Jerusalem! Just hearing her name stirs the soul. This Wednesday was Jerusalem Day, marking the 44th anniversary of the liberation and unification of Jerusalem. For 1900 years Jerusalem was occupied and ruled by strangers. For nineteen years Jerusalem was divided. Israel had reclaimed her western flank, while the heart of Jerusalem, the old city, the City of David, and the Temple Mount, were in the hands of the Jordanian occupiers. This Jerusalem day hundreds of observant Jews as well as many G-d fearing Gentiles ascended the Temple Mount. Tens of thousand more weaved their way through the thoroughfares of Jerusalem waving the flag of Israel and wound down the narrow paths of Jerusalem's old city as they headed towards the Holy Temple's western retaining wall - the Kotel. It was a type of aliya - a type of pilgrimage ascent, reminiscent of Israel's historical festival pilgrimages of Sukkot, Passover and Shavuot. Where does this energy come from? What is its source?
This upcoming Tuesday night-Wednesday is Shavuot, the festival which features the bringing of the bikkurim - the first fruits - to the Holy Temple, and which commemorates the Sinai revelation - the receiving of Torah at Mt. Sinai. The journey to Sinai was, as we know, fraught with danger. Both the sole superpower, Egypt, and the terrorist nation of Amalek did their level best to stop Israel in her tracks, and both failed. And as we will witness in the upcoming weeks as we proceed through the book of Numbers, countless prophets and soothsayers and kings and armies and plotters and planners would all seek to block the way, to keep Israel from entering the land and possessing Jerusalem. Why all the opposition? Why was the entire international community so vehemently opposed to Israel living in her land and building up Jerusalem? Was it jealousy? Fear? Did they also desire the land? Was Jerusalem also the chief of their joys? Or were they threatened by the idea that a nation and a city would arise from which the Torah of G-d would emanate? That a new moral order, one perhaps antithetical to the moral order that they had imposed upon the world in order to serve their own needs and perpetuate their own grasp on the reins of power, would expose them, for once and for all, in their nakedness?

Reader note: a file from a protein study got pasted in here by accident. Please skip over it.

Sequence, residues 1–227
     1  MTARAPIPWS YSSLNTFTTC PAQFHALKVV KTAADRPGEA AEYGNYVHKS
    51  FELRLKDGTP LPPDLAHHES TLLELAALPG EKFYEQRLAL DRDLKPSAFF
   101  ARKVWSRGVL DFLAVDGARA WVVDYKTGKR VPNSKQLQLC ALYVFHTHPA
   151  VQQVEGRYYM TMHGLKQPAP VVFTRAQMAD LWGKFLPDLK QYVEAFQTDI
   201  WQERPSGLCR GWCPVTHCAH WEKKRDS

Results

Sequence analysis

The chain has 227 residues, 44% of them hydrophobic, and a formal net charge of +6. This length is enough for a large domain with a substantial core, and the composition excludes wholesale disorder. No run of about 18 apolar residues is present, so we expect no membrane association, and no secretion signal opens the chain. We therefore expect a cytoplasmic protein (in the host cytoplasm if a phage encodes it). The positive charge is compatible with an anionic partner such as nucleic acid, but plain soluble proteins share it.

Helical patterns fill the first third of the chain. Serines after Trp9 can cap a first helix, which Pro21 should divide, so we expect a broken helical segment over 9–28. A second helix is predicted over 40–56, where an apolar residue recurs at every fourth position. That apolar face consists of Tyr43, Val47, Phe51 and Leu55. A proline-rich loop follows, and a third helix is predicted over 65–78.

The book of Numbers, as we have noted, describes Israel's journeys through the desert, and the many opposing forces that rose up along the way. But in this Shabbat's reading, parashat Naso, we are introduced to a number of actors who, on the surface, don't seem to play a role in the book's overlying theme. There is the nazir, the ascetic who takes upon himself an oath to refrain from wine and other "indulgences," to remove himself, in other words, for a prescribed period of time, from this world. The other characters play their parts in the drama of the sota - the woman accused by her husband, influenced by a fit of jealousy, of marital infidelity. But perhaps these two descriptions actually do fit in Numbers' overall theme.
The nazir is a man, (or woman), who feels that he is not quite up to this world, that the physicality, the sensuality of this world is more than he can handle. Torah, on the other hand, commands us to be very much plugged into this world. So as a corrective for the individual who seeks to exile himself from the world, the Torah acquiesces, but sets the terms. The nazir can refrain from certain things for a limited time only, after which he brings an offering to the Holy Temple and concludes his period of self-denial. Today, this same nazarite syndrome can be detected in individuals who, while being otherwise very pious, insist that we of this world are not yet ready to really lay claim to Jerusalem by building, once and for all, the Holy Temple. We're not up to it, they say, we're not good enough. What would we do with the Holy Temple? We'd only mess things up. We need to sit back and wait for an otherworldly occurrence, for G-d to build the Holy Temple. How ironic that the nazir concludes his oath of abstention by bringing an offering to the Holy Temple, the very place on earth that confirms, uplifts and celebrates the "this world" that G-d created. May those among us who feel that we should abstain from building the Holy Temple, or even ascending the Temple Mount, soon also be able to conclude their retreat from this world by presenting an offering at the altar of the Holy Temple!